A Transformation-Not a Transaction – Greg Albrecht
Ephesians 2:8-10 teaches us that we are saved BY grace FOR works—contrasted with the completely erroneous idea of the virus of legalism, alive and well within so much of Christendom. The performance-based legalisms of Christ-less religion propose and insist that we are saved BY works FOR grace. Paul teaches us in Ephesians 2:8-10 that we are saved BY grace FOR the works that God determines for us, so that we may become his workmanship. To underline this critical truth of the gospel—we are saved BY God’s grace, FOR HIS works—not by OUR works.
Our salvation is a transformation of grace, not a transaction of works. God’s grace and the transformation he works and produces in our lives is not a spiritual reality we earn, as if by a transaction. Our transformation is a gift of God’s grace. We don’t make Jesus Christ our identity as a result of a transaction whereby we do, produce or earn something of eternal and lasting value. Christ is given to us by the grace of God—we are transformed.
The transformation we receive by the gift of God’s grace happens to us—it is not something we do for ourselves. We are the recipients of God’s transformation—he is the active agent. Children don’t do anything to determine or earn or guarantee their birth. No transaction on the part of an unborn child is a part of their birth. God does the work from the start to the finish.
Here’s the problem we must always watch out for: transactions are part of the foundational teaching and superstructure of religion. Transactions are the glue that holds the entire religious building together. Christ-less religion is not really about transformation—it is about a transaction. You do this and then God will do that. Christ-less religion is all about control—it’s an elusive mirage we are promised providing we undertake the necessary transactions.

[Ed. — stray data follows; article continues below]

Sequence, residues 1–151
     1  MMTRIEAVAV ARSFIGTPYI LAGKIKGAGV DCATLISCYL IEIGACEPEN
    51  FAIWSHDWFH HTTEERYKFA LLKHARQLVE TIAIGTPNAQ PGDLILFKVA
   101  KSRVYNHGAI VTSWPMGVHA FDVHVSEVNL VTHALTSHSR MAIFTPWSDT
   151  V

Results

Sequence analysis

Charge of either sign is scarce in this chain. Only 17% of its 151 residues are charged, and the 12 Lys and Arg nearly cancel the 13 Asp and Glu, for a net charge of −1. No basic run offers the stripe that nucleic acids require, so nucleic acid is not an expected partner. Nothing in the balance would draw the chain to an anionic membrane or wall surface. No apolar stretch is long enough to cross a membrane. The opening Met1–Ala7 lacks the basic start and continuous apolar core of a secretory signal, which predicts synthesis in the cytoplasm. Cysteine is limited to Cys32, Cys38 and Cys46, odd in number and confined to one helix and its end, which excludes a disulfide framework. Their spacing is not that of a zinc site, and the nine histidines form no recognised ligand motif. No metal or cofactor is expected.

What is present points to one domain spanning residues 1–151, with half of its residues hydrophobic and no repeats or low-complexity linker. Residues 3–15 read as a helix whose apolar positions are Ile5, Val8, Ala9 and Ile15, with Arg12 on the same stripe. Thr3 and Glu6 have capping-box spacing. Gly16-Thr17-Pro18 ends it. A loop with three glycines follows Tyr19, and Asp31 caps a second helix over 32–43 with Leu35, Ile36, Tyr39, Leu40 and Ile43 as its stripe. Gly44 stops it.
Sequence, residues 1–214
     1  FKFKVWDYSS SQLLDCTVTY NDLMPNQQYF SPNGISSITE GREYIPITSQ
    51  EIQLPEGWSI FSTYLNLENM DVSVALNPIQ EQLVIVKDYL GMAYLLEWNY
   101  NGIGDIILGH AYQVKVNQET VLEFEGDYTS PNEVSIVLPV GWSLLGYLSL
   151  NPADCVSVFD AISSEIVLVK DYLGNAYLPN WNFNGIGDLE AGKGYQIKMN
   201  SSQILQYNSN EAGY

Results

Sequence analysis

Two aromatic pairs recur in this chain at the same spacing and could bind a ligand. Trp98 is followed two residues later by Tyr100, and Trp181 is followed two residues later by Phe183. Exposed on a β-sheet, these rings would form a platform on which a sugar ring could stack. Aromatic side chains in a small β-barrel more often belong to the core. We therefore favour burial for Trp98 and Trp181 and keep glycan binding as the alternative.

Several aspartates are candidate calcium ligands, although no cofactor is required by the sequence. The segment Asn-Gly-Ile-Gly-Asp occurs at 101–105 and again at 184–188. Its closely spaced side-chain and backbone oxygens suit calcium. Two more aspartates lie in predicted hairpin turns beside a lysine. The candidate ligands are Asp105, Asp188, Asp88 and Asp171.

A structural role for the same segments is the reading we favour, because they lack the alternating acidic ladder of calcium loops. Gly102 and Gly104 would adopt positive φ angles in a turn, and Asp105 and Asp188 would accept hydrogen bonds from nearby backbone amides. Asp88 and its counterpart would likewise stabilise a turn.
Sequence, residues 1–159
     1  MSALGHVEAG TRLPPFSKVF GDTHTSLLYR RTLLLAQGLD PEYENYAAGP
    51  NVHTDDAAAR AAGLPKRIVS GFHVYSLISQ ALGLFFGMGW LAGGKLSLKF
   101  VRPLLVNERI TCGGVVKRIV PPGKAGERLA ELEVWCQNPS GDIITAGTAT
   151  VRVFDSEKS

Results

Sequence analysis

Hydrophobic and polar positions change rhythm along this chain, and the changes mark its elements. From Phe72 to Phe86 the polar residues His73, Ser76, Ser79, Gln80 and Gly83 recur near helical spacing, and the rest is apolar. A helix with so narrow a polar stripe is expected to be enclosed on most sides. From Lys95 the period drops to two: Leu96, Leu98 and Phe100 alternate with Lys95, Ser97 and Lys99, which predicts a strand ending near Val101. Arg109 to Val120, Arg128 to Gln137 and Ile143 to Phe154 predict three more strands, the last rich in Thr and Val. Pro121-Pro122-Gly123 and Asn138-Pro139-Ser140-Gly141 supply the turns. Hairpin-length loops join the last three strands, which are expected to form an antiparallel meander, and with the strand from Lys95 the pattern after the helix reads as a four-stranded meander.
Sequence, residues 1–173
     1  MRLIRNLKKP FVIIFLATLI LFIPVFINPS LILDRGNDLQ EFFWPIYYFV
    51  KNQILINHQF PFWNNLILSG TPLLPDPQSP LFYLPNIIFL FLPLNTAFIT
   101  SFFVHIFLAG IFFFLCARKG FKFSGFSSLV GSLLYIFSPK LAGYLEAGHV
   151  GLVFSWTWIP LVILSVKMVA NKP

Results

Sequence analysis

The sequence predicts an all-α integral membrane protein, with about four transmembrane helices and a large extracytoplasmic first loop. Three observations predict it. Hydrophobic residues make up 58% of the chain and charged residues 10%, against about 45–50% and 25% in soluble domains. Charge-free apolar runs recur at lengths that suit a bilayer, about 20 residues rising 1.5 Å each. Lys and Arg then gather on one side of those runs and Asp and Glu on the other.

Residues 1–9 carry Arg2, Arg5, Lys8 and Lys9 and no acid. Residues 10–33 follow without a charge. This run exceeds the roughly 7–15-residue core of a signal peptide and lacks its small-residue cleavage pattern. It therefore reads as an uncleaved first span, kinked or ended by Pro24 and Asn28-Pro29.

Transactions are the substance of what it means to be human. In order to live, one must breathe, one must drink and one must eat. In order to live one must avoid serious injury and harm. Physical life is entirely transactional. But our transactions have nothing to do with the grace of God. One of the best illustrations of how far Christendom has strayed from the grace of God and the transformation he alone can give is the cross of Christ.
The cross of Christ, when understood in a Christ-centered perspective, is reconciliation with God that happens when he freely forgives us. His reconciliation is revealed in the love of God, poured out for us on the cross.
But listen carefully, here’s how Christ-less religion has turned the cross of Christ into a transaction: within Christendom at large, most of the emphasis on the cross of Christ is about a transaction—it’s about repayment, reparations and satisfaction achieved through the violent punishment of an innocent victim—that is Jesus Christ. This transaction is often called “atonement” within Christendom. It suggests the imagery of a heavenly courtroom presided over by God, the judge in which the offended party (who happens to be God, the judge) receives reparations to compensate his wounded honor (that is, our sins).
In the old covenant there was one day a year, a day of Atonement, (called Yom Kippur in contemporary Judaism) when the shedding of animal blood was believed to appease God so that he would forgive all the sins of the past year. However, since humans are absolutely imperfect, the old covenant accounted for human enslavement to sins and dysfunctions. The Day of Atonement had to happen every year—once-a-year bloodshed was necessary so that God would once more be satisfied and appeased.
With that very imagery of the old covenant Day of Atonement in mind, the ninth and tenth chapters of the book of Hebrews assure us that our relationship with God as his children is completely based on the love and mercy and grace of God. Hebrews says that Jesus has invalidated all the transactionalism of the old covenant—he came to us once and for all.
Jesus does not offer himself on his cross once a year. Rather, as we read in Romans 8:9, Christ lives in us, by the grace of God—nothing we can do, nothing we can earn can pay for such an eternal, priceless gift.
Jesus has come once and for all, transforming us by the love and mercy and grace of God. This is the love of God that passes all understanding.